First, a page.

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  #1  
Old 04-17-2009, 11:24 PM
James Pierson James Pierson is offline
Master Modeler
 
Join Date: Dec 2005
Location: Washington State
Posts: 654
Question Designing & Testing??

Hi Mike,
thanks for all of your wonderful work for so many years with Estes and for taking the time to answer some questions.

My first question has to do with R&D and general designing of rockets. What are your procedures for test flying a design and in particular how are you checking for chute deployment?

Also in the same lines, can you give us some (any) tips on how to correct a design that is already built that has deployment problems? Sometimes it would be nice to have a C6-4!

How many times have you had a design that looked great and had to completely re-design the thing or just start over?

Are you folks using RockSim or other rocket design programs or are you just doing the math?

PS.
If Shrox falls asleep on the job do this. Get one of the Ping Pong balls off his desk and cut a hole in it and then hold it under his nose. That smell would wake up the dead, trust me some thinks Ive learn the hard way .

Thanks for your time, JP.
James Pierson
NAR# 77907
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  #2  
Old 04-18-2009, 12:04 AM
MDorffler MDorffler is offline
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Join Date: Apr 2009
Location: Canon City, CO
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Quote:
Originally Posted by James Pierson
Hi Mike,
thanks for all of your wonderful work for so many years with Estes and for taking the time to answer some questions.

My first question has to do with R&D and general designing of rockets. What are your procedures for test flying a design and in particular how are you checking for chute deployment?

Also in the same lines, can you give us some (any) tips on how to correct a design that is already built that has deployment problems? Sometimes it would be nice to have a C6-4!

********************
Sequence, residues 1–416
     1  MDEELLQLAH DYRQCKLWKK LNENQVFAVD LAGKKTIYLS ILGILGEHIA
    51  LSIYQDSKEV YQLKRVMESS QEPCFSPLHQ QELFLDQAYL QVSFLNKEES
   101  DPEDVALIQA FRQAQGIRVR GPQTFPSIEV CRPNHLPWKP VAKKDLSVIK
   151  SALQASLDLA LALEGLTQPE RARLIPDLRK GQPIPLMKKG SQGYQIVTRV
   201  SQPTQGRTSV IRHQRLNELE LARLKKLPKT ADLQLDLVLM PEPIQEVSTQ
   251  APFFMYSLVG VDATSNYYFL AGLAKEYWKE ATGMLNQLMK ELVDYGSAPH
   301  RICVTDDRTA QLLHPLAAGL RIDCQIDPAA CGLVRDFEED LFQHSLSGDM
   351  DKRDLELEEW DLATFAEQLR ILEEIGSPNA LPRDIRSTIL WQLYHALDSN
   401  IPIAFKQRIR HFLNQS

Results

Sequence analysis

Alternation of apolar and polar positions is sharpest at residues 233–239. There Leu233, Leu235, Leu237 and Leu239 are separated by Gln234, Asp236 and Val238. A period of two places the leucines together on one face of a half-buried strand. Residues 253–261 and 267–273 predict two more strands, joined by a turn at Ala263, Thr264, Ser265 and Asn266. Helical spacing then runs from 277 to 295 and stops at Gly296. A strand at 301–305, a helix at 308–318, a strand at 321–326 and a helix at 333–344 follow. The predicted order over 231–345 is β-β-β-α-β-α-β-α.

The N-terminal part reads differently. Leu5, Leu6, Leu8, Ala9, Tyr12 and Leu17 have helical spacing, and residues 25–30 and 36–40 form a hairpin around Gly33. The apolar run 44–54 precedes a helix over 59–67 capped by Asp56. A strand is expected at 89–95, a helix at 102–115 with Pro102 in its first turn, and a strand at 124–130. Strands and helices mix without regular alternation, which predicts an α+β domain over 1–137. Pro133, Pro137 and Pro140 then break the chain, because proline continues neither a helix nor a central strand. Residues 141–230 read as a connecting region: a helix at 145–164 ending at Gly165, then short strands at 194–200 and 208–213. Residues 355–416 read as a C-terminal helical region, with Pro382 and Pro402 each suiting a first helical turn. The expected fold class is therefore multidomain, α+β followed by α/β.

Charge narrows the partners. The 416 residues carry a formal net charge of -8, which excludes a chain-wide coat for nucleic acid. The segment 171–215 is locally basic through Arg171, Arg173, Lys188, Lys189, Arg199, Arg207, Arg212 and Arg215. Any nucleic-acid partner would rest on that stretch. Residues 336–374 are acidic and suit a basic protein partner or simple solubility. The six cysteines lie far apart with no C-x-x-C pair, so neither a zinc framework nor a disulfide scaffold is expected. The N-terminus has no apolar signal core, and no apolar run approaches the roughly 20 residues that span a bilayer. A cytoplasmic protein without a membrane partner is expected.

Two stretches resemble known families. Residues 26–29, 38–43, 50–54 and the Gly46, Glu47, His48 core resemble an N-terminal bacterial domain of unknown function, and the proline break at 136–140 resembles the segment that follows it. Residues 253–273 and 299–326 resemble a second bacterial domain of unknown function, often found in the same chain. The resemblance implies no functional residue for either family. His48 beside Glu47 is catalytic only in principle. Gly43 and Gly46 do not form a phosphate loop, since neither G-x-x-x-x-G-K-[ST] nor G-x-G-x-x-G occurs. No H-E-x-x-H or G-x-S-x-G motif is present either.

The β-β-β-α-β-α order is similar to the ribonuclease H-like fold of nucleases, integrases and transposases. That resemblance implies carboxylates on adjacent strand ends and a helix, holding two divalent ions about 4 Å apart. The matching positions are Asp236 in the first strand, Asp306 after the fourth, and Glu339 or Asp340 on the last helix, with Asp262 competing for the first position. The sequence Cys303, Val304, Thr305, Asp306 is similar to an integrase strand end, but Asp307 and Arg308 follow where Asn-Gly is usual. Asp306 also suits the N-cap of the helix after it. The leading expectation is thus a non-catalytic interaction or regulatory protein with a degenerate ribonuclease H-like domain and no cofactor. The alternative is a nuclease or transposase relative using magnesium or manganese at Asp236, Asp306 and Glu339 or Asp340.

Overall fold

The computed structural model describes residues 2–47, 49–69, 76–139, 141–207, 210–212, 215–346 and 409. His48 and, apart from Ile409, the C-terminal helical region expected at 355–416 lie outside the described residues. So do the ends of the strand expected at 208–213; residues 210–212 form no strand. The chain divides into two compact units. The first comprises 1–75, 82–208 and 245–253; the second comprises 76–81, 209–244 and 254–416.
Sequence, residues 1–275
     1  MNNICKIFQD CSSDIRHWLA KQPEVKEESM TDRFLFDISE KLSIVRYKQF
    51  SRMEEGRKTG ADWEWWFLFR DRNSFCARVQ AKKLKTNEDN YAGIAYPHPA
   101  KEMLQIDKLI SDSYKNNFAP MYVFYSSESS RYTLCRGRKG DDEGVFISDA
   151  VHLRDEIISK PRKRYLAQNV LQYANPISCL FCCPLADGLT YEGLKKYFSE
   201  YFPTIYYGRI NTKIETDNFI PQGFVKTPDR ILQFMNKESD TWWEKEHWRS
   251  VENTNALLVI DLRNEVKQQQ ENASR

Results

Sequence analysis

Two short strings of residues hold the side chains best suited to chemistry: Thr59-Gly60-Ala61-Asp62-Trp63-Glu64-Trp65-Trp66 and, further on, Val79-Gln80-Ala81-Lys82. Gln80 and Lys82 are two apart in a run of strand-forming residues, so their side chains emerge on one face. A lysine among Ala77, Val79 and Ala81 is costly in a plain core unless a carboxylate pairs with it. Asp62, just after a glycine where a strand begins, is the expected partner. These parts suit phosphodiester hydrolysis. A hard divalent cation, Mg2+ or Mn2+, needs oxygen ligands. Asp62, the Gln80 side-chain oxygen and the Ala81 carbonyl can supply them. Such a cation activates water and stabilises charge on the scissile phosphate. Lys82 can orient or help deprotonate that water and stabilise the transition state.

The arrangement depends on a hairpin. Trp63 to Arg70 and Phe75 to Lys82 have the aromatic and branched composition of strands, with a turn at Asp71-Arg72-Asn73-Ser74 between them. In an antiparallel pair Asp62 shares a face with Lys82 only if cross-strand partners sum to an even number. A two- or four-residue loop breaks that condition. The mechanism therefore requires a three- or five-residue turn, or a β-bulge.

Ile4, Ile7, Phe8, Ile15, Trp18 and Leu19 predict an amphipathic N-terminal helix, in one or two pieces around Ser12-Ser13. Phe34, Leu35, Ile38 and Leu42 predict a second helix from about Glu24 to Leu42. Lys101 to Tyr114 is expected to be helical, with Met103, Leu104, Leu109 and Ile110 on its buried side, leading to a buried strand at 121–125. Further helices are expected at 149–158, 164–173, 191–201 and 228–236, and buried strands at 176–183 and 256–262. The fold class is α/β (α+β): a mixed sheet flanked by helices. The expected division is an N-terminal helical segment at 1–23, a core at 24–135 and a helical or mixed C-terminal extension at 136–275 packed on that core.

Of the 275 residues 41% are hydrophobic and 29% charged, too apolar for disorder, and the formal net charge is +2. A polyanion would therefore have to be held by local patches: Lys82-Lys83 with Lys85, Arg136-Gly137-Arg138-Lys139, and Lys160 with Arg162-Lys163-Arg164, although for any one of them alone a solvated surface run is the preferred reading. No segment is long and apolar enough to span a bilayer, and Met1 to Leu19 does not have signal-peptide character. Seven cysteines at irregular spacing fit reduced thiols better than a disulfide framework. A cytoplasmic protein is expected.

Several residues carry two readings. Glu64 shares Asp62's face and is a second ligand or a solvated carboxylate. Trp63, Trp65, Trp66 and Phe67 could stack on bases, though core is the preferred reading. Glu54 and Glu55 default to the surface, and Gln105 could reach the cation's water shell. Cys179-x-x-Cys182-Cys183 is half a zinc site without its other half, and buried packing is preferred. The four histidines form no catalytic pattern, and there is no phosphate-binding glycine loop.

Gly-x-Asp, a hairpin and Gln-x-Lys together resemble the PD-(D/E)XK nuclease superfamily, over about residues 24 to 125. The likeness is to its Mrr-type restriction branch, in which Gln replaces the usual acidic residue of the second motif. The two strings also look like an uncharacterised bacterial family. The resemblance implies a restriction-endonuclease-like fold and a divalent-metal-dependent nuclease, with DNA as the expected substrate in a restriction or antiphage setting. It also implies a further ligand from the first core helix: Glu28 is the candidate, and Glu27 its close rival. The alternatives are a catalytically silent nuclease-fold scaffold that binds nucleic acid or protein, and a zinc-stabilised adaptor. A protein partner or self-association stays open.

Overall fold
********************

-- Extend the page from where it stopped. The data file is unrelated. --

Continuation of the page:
How many times have you had a design that looked great and had to completely re-design the thing or just start over?

Are you folks using RockSim or other rocket design programs or are you just doing the math?

PS.
If Shrox falls asleep on the job do this. Get one of the Ping Pong balls off his desk and cut a hole in it and then hold it under his nose. That smell would wake up the dead, trust me some thinks Ive learn the hard way .

Thanks for your time, JP.
James Pierson
NAR# 77907


James, nothing personal, but I have never had any need to use 'model rocket design software' to design my model rocket kits. Never. Ask yourself what software I would have used in 1968, or 1973, or even 1990? I have always designed all my models using my natural skills. Normally I conceive a design totally in my mind driving either to or from Estes. That's the truth. I can tell you whether a model will be stable by simply looking at it, or hefting it, or whether it needs a pinch of clay in the nose to correct any CP/CG imbalance.

I do use CAD to create all necesary parts in 3D. It is a real treat to see the first sample parts come to you that look precisely as you drew them. And I also use CAD to lay out the kit, also in 3D, for the sole purpose of matching up the fit tolerances.

I always build several flight test versions of any new design. The first test round is with parts from inventaory, then with parts from pre-productions. I build the first test model with all the parts in positions as if built by a serious and carefull modeler. The next are built as though the the modeler is clumsey. Any flight of any test model has to be arodynamically stable, even when parts are glued on crooked. Only when I am totally satisfied that all of these versions fly absolutely straight, do I release it for the next production steps.
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  #3  
Old 04-18-2009, 01:02 AM
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Royatl Royatl is offline
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Quote:
Originally Posted by MDorffler
James, nothing personal, but I have never had any need to use 'model rocket design software' to design my model rocket kits. Never. Ask yourself what software I would have used in 1968, or 1973, or even 1990? I have always designed all my models using my natural skills. Normally I conceive a design totally in my mind driving either to or from Estes. That's the truth. I can tell you whether a model will be stable by simply looking at it, or hefting it, or whether it needs a pinch of clay in the nose to correct any CP/CG imbalance.